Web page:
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MOSCOW, November 29 (Itar-Tass) — There are no reasons to anticipate conflicts in the Arctic or to draw NATO into the solution of Arctic problems, Russian Foreign Minister Sergei Lavrov said Tuesday after talks with Icelandic Foreign Minister Ossur Skarpherdinsson.
“Some politicians in other countries touch upon the issue /of possible conflicts in the Arctic area – Itar-Tass/,” Lavrov said. “For the most part they are the ones who have set eyes on the Arctic’s mineral resources and who are seeking to grab the things that don’t belong to them.”
He recalled that decisions on what should be done in the Arctic are taken by member-states of the Arctic Council, including Russia and Iceland.
“A regular session of the Council at the level of ministers, which was held in Nuuk this May, decided on what countries outside the region may join the Council’s activities in the capacity of observers,” Lavrov said. “The document strictly spells out the observers’ rights and duties, which envision the importance of being guided by the decisions of the eight member-states in what concerns the resolution of Arctic problems.”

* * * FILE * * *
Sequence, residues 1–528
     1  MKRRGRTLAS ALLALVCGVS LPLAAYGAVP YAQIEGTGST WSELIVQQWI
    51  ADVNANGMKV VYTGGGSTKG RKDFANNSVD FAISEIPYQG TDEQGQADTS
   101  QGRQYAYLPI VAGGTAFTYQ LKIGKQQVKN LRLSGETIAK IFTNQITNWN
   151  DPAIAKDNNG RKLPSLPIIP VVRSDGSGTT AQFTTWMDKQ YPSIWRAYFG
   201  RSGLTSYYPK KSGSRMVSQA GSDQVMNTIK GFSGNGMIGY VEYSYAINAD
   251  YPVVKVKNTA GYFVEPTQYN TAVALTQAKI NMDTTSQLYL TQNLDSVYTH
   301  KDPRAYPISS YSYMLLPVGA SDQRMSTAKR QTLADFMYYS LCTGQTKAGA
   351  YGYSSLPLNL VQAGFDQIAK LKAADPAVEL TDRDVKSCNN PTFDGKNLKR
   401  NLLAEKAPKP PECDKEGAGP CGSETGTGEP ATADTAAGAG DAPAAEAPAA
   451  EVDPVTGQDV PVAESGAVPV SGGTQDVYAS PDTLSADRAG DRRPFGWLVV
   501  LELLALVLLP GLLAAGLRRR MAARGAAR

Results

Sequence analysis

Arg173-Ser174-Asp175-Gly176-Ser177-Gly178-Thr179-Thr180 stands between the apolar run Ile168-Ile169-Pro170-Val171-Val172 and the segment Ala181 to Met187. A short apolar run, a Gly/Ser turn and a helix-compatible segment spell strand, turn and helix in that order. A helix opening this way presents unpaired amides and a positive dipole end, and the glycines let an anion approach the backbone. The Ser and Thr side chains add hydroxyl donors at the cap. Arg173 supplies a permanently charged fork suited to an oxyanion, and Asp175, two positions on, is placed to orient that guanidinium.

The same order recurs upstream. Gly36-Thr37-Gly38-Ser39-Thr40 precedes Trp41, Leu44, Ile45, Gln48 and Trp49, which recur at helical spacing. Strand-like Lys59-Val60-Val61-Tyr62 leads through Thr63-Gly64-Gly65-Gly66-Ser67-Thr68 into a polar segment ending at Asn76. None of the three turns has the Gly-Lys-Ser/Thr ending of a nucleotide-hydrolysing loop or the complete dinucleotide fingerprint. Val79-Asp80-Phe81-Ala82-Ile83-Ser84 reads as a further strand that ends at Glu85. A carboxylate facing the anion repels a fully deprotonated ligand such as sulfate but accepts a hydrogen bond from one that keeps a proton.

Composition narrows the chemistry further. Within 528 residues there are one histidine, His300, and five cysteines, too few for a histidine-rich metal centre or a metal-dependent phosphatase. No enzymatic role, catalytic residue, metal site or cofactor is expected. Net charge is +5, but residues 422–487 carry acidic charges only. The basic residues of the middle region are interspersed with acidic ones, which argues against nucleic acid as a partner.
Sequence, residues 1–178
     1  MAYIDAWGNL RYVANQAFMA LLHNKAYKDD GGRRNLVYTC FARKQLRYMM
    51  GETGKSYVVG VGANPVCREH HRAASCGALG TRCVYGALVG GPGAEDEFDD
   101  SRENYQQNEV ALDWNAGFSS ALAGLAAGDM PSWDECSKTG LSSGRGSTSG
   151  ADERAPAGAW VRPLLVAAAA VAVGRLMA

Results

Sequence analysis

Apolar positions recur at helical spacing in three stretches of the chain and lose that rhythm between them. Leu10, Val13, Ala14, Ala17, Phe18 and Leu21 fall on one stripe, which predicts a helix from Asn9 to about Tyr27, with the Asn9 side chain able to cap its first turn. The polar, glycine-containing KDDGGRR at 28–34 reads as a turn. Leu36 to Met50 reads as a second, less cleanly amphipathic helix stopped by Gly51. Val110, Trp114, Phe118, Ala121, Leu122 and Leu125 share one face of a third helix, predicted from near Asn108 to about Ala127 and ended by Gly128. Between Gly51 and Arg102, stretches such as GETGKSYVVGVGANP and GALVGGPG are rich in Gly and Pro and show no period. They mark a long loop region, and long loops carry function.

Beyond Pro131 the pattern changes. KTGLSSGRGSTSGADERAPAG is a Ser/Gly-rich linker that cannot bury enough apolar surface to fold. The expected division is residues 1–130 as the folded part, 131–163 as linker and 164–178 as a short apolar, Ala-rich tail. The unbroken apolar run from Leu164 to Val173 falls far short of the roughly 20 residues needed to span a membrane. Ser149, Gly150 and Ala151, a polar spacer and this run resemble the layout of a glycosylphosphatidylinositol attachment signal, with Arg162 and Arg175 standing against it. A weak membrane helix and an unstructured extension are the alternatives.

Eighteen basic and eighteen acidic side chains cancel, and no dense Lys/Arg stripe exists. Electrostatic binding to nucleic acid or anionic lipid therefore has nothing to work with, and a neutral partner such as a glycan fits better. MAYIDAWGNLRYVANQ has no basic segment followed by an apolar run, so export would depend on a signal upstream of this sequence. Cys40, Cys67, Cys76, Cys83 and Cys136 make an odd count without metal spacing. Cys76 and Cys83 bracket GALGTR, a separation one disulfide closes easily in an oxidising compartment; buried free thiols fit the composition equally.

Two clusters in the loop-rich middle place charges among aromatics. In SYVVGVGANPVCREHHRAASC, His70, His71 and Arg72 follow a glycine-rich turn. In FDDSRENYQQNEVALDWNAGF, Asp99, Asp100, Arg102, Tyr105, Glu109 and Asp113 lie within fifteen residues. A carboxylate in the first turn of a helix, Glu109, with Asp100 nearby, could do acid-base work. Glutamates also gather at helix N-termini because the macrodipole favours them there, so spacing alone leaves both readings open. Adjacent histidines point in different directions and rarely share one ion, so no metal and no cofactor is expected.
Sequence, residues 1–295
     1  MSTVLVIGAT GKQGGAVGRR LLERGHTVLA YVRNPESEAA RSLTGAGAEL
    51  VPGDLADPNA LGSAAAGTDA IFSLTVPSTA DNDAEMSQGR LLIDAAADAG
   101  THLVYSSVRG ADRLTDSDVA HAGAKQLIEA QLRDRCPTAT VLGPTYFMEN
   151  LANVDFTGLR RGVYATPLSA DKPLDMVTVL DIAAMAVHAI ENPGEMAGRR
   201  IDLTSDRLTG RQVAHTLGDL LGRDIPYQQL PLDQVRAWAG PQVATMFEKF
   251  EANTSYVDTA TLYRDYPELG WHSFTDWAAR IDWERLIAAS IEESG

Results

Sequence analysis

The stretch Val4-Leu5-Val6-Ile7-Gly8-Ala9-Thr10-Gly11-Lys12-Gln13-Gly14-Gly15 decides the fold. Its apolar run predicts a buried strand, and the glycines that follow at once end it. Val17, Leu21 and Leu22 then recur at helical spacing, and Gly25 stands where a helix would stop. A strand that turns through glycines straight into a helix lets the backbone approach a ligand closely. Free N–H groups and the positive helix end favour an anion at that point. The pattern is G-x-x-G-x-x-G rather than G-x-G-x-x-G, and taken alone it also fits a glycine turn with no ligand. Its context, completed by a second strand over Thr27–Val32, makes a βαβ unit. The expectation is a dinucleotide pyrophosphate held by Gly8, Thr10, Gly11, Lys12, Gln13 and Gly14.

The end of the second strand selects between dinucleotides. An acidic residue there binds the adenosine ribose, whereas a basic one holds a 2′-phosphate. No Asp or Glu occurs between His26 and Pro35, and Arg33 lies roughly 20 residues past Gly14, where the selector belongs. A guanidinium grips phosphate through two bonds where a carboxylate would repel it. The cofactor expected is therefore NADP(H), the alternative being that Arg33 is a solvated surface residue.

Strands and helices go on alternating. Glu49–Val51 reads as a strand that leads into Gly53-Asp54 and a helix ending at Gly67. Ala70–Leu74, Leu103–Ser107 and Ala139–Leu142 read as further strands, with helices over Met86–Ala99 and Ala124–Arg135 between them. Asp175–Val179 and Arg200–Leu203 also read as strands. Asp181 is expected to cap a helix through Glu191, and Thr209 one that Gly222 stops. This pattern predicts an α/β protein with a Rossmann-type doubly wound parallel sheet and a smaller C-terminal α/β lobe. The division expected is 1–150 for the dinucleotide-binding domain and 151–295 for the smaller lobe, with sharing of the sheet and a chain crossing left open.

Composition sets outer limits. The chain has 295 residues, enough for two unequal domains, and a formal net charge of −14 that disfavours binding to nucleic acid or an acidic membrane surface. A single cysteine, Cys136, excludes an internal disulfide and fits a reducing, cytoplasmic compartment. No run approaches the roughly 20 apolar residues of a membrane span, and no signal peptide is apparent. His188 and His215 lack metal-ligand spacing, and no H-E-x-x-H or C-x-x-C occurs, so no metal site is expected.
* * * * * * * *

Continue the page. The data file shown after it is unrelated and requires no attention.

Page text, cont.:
The eight members of the Arctic Council are Russia, Denmark, Canada, Norway, Iceland, Finland, Sweden, and the U.S.
Lavrov called attention to the absence of whatever panicky moods among the eight countries or the ideas about a possible use of military measures in the Arctic.
“There are no reasons for expecting any conflict in that region and to draw NATO into the Arctic affairs – something that a number of people would like to see materialize,” he said.
Any problems emerging in that part of the world should be settled exclusively in the framework of the UN Convention on the Law of the Sea, Lavrov said.
Ossur Skarpherdinsson said on his part he does not think that the Arctic region will evidence any race for resources in the coming years or decades.
He stressed the existence of an instrument for resolving the conflict issues in the form of the UN Convention on the Law of Sea.
If there is an instrument of this kind, any disputes over resources will scarcely ever spring up and the future utilization of the regions’ mineral wealth will most likely be peaceful, Skarpherdinsson said.